Bear in mind that Mark Lowry is also a Christian comedian. In addition to “Mary, Did You Know”, Lowry also wrote and sang a song called “Hyperactivity”. Someone on Father Nathan Monk’s post was upset about that one, too, claiming he was “making fun” of neurodivergent children. I had not heard of “Hyperactivity” until last night. To me, the song sounds like Lowry wrote this song about himself, not all neurodivergent children. It’s supposed to be funny. Not everyone will find it funny, which is the nature of comedy. Personally, I think “Hyperactivity” is kind of an annoying song, but I can see why some people like it. I wouldn’t presume to tell them they shouldn’t enjoy Mark Lowry’s song about hyperactivity, even if it sounds, to me, like he’s trying to copy Weird Al Yankovic.

Interesting song.

Here’s one about overeating… Weird Al had “Eat It”. Mark Lowry has “I Can Eat it All”.

This doesn’t offend me, but some people probably think of it as fat shaming.

I am a big fan of personal expression, particularly when it’s politically incorrect. I think people should be allowed to speak their minds, even if I might not always like to hear or read what they have to say. Some of it might offend me. I might even take a vow not to use certain language myself. For example, I refuse to call someone a “karen” or a “dependa”. I don’t use the term “douche” as an insult, just as many people don’t use the n-word or the word “retard”. I think it’s important to allow freedom of speech and expression. That does also apply to criticism, of course. I just wish people would stop insisting that others share their views, because that’s how we end up with dangerous megalomaniacal people like Donald Trump in the White House.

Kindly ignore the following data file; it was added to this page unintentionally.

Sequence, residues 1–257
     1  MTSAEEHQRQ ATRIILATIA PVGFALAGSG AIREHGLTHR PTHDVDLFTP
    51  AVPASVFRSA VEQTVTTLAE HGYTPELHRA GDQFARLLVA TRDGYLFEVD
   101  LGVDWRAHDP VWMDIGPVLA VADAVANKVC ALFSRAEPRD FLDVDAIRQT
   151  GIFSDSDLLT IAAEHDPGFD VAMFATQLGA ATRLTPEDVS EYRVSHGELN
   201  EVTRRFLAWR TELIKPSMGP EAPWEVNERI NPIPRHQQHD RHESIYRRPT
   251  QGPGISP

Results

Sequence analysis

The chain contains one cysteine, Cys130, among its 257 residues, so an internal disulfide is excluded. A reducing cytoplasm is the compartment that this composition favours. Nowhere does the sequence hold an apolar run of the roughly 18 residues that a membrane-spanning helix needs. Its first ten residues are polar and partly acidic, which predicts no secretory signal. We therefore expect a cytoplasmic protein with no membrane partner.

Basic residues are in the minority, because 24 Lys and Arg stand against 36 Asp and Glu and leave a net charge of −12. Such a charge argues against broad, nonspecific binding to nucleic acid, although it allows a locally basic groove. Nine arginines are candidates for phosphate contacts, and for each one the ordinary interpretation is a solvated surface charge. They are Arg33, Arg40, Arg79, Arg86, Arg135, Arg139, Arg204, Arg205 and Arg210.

There’s a large contingent of people in the United States who like Trump, because he freely says what they’re thinking, but feel too intimidated to say out loud. They’re so enthralled with hearing Trump stand up for the “conservative values” that some sanctimonious people are trying to quickly bury, that they excuse and ignore the really awful things he says and does. Then they show up and vote for him at the polls, and the rest of us are stuck with him and his toxic brand of fascist “leadership”. I think if some of the “woke brigade” took things down a notch, lightened up a bit, and showed some respect for other people’s differing values, they would get further in changing hearts and minds. People don’t like to be lectured or shamed.

Anyway… getting back to Father Nathan Monk’s post… I noticed this comment just now and was left a little bit puzzled…

What was racist about Mark Lowry’s comment? I saw no reference to race in what he posted. However, I did see a lot of people making presumptions about him based on what he posted. All I can see that he wrote was “I wasn’t asking you.” Is that a racist comment? Did I miss something?
Wow. I think some of these comments are pretty offensive. Especially the one about Lowry being “in the closet”. It doesn’t seem like a very “woke” thing to say.

I can see that a lot of people commenting on this thread don’t like Mark Lowry’s music or comedy. I see that some people, like me, didn’t even know who he was until they read the above thread. Now they’re describing him as “execrable”, “in the closet”, and “a turd” in a thread about how he “mansplains” to Mary, the mother of Jesus. It’s very strange to me, because some people are quoting the Bible and demonstrate actual knowledge of theology when they present their arguments. Others have just resorted to character assassination and name calling, having only been exposed to ONE song by the man. I am not a big consumer of contemporary Christian music or comedy. I only know what I like. And I sure as hell don’t need other people telling me that I’m wrong for enjoying what I like. I would feel a bit nervous, though, to add too many comments to this thread, lest someone call ME “execrable” for daring to disagree with them. 😉

Actually, I DID leave a couple of comments. It was to a well reasoned dissenter’s observation. Behold:

Yeah… this is pretty much my view of “Mary, Did You Know?”. I have no problem with people criticizing the song, but when people resort to personal insults toward the songwriter, they lose out on the moral high ground they’re clearly trying to take.